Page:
If that wasn’t enough to start getting me worried, this was the clincher: Despite their success with the previous distances, they had decided there was no way they could do the Saturday hike, which was supposed to be one of the most difficult. Instead, they were going to do two alternate, shorter segments of the Bruce Trail on Saturday and Sunday.


We then met with a MEDA representative who had joined the group for a 17 km segment that he’d found more difficult than expected. Aerobically, fine, but very tired legs by that point. And he reported that a few other people were planning alternate routes for that weekend, and we could too.

Jean was rather disappointed at the thought of all his worrying going to waste. Blame me, I said. (I really am bad at clambering over rocks. Like, worse than the average person, I think.)

So on Sunday we found ourselves doing a 12 km segment of the Hope Bay trail, which the team had found to be one of the more pleasant parts of the Bruce. It has elevation, but not a lot of rocks, and offers some nice views.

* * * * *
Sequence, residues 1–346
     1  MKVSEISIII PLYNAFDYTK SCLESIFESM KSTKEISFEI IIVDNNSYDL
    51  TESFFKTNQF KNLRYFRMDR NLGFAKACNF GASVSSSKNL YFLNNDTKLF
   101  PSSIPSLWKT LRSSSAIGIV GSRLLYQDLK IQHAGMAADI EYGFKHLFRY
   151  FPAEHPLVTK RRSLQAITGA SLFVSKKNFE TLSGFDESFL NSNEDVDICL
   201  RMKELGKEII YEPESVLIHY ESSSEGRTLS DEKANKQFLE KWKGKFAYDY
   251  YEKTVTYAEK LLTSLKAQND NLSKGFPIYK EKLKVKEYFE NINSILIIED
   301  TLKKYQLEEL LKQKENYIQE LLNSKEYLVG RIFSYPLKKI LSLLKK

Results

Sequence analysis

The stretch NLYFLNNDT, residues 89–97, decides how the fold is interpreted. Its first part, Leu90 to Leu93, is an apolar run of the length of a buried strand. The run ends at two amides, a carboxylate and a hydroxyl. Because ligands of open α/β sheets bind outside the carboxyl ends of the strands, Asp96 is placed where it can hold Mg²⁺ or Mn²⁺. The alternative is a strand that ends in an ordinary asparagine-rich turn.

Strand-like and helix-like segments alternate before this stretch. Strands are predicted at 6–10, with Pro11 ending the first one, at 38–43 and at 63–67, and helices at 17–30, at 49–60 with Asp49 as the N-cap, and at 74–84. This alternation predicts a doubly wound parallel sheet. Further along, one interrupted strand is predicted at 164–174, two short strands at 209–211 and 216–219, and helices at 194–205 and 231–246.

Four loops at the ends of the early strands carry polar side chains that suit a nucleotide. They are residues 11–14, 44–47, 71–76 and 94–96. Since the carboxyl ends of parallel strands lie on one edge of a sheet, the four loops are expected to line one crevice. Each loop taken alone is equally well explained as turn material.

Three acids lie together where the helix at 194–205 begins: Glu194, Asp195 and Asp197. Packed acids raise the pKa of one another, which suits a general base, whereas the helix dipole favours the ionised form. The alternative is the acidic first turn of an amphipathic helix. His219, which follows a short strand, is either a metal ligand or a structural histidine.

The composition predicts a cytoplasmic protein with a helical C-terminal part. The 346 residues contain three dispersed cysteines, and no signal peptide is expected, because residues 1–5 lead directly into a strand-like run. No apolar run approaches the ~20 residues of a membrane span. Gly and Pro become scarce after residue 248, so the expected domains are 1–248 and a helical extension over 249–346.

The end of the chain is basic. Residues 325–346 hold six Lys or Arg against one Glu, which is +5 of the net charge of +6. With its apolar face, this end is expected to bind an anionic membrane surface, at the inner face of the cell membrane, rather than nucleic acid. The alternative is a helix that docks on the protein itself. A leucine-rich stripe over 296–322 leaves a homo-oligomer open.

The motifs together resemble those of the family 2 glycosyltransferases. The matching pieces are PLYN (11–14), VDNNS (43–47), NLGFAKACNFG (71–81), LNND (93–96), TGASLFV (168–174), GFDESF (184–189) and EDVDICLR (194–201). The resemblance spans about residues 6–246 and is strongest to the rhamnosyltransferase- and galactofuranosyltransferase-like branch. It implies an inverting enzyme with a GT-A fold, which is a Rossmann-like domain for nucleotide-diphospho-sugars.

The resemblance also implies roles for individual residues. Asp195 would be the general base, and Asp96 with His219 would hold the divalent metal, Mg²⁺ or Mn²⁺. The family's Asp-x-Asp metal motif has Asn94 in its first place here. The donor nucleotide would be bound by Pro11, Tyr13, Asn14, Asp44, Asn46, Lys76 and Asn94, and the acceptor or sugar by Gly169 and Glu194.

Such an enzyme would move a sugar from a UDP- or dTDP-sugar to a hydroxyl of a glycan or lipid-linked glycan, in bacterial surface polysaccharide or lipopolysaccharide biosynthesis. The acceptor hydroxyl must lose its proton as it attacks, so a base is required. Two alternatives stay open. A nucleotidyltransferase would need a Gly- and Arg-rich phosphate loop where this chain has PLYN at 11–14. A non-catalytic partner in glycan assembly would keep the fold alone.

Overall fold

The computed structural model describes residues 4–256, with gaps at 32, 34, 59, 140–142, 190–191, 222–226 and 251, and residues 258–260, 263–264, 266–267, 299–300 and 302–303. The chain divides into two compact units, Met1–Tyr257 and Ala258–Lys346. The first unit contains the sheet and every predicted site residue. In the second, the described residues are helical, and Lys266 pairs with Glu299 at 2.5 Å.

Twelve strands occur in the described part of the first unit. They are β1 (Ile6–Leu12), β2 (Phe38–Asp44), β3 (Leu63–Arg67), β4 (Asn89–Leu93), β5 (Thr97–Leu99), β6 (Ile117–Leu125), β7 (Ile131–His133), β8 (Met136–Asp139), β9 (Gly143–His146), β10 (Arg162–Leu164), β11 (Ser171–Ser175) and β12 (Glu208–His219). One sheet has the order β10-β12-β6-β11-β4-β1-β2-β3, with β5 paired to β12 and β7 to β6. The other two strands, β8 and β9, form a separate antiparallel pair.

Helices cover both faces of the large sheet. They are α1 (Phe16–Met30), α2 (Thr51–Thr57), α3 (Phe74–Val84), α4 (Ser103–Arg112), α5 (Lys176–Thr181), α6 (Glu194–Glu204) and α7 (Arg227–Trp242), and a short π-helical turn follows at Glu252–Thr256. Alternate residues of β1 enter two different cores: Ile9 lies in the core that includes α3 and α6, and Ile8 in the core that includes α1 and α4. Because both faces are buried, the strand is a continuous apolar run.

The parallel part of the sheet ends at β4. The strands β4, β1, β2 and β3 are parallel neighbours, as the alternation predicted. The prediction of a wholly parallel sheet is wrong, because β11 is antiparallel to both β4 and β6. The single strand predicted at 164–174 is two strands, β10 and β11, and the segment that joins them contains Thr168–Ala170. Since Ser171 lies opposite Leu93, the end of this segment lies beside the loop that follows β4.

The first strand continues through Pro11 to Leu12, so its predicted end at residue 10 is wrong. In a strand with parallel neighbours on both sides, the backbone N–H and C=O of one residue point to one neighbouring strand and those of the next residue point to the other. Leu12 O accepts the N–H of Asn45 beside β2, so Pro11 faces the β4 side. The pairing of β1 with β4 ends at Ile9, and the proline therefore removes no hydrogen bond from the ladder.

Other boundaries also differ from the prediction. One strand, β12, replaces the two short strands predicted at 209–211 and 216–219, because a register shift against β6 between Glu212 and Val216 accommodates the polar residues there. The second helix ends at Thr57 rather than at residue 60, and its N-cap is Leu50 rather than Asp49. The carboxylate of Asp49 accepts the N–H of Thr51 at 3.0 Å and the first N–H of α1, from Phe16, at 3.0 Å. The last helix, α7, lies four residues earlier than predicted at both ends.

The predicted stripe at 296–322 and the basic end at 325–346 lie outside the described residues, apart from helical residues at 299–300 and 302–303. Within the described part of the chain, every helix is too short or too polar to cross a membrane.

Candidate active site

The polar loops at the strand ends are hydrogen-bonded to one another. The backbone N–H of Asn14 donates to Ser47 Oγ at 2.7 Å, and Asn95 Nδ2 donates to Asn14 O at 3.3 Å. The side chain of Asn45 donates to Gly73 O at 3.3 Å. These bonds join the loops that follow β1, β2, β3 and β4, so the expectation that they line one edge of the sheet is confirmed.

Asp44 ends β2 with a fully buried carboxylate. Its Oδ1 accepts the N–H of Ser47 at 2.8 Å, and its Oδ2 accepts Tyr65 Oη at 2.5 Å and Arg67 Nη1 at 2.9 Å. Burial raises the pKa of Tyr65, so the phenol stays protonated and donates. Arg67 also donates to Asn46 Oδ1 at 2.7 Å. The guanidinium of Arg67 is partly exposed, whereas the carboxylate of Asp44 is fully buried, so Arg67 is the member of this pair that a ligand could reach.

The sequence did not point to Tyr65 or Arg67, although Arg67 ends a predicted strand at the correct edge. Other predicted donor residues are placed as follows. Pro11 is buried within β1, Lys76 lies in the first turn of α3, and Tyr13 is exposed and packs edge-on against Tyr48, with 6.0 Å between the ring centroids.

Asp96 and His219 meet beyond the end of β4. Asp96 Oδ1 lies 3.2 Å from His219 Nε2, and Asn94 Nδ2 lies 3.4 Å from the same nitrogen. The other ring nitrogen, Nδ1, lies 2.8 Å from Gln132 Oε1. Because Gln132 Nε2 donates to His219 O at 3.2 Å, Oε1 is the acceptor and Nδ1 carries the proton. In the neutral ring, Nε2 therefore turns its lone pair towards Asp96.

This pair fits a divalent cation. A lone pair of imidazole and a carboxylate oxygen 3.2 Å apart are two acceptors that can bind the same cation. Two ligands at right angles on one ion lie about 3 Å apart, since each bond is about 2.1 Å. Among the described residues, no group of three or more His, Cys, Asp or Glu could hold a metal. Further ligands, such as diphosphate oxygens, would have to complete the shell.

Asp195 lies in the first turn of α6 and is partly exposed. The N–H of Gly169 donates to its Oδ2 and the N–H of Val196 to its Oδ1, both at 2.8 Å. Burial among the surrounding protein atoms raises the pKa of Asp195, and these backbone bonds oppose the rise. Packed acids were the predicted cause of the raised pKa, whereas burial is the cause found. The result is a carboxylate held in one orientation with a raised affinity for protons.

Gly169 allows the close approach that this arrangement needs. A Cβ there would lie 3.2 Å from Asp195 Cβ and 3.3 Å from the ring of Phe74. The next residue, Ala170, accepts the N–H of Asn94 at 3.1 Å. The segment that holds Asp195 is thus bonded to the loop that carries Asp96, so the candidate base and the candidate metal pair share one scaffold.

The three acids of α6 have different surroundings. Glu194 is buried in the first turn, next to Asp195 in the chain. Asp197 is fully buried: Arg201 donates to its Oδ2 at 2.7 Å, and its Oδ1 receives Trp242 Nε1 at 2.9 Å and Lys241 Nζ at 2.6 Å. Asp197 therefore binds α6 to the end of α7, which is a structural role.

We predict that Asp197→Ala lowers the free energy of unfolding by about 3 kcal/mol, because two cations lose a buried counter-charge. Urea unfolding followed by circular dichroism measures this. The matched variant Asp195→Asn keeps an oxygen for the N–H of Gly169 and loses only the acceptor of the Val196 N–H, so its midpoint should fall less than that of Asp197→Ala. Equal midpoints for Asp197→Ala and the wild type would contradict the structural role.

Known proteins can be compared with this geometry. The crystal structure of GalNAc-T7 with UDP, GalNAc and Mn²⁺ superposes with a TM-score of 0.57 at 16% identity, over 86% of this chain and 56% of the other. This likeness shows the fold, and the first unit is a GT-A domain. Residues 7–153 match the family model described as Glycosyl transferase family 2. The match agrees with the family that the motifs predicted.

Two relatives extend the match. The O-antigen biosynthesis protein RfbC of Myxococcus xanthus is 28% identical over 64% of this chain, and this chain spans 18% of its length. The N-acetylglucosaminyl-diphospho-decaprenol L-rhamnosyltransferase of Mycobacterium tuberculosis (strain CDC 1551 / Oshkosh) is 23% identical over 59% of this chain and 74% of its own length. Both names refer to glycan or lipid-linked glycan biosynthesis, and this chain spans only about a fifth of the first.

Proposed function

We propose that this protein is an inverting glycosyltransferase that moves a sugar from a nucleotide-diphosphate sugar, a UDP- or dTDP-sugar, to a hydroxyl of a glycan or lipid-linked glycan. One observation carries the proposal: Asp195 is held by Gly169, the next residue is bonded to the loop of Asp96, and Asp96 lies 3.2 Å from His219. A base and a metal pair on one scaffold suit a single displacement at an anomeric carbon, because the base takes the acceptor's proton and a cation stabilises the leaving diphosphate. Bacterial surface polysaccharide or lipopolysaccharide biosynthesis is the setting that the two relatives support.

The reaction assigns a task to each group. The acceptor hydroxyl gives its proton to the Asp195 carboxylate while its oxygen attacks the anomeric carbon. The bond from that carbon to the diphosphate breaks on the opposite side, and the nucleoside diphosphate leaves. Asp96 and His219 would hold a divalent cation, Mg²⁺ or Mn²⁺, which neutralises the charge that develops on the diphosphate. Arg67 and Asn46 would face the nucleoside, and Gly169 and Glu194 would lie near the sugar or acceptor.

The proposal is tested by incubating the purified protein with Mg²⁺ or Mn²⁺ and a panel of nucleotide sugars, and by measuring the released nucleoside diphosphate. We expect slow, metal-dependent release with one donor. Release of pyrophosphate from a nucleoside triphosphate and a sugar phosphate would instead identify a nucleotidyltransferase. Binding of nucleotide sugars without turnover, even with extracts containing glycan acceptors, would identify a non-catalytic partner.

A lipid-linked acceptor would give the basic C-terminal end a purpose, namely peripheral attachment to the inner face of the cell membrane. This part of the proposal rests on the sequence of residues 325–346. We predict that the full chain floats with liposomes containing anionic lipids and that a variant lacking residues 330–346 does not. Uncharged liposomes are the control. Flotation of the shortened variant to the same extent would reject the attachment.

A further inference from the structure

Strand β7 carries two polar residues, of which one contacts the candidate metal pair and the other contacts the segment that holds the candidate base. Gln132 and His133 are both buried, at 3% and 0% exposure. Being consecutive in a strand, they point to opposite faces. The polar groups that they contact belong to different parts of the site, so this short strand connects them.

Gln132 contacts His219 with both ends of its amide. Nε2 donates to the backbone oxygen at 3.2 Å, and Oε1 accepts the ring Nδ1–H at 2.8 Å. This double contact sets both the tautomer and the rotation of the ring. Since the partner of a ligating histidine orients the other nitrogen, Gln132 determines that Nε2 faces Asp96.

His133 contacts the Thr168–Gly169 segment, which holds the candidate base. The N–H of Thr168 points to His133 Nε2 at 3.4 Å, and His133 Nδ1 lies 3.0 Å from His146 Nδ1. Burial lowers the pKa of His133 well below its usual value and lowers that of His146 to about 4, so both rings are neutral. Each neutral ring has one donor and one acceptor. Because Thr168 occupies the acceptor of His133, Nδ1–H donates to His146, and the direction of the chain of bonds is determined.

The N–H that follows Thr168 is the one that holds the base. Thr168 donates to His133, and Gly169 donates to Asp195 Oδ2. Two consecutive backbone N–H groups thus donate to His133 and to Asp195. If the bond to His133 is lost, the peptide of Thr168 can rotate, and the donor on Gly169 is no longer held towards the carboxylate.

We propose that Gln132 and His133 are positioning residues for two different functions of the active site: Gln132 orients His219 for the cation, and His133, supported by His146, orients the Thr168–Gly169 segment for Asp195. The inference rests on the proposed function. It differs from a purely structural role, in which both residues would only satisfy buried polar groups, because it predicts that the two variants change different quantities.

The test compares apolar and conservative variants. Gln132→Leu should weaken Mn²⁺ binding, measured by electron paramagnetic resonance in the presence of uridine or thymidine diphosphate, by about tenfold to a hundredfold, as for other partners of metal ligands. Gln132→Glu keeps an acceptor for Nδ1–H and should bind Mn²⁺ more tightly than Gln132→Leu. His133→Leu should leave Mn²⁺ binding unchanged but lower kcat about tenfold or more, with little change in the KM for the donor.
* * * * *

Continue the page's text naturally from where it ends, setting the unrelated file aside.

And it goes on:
Jean, |Cathy, and Hope Bay!

Hope Bay

That took us a good six hours, leading me to think that a more challenging 20-km stretch could easily have taken us twice that long.

And instead of our Sunday off, we did an 8-km stretch of the end part trail that we would have done on Saturday.

Some Hiking Some Climbing

This part featured some rock climbing, but fortunately, not much

It was also a pretty picturesque segment.

Little Cove Harbor

The whole effort raised nearly $100,000 for the women of Ghana. Thanks to everyone who contributed.

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I have opinions. About things.

One of the great achievements of free society in a stable democracy is that many people, for much of the time, need not think about politics at all.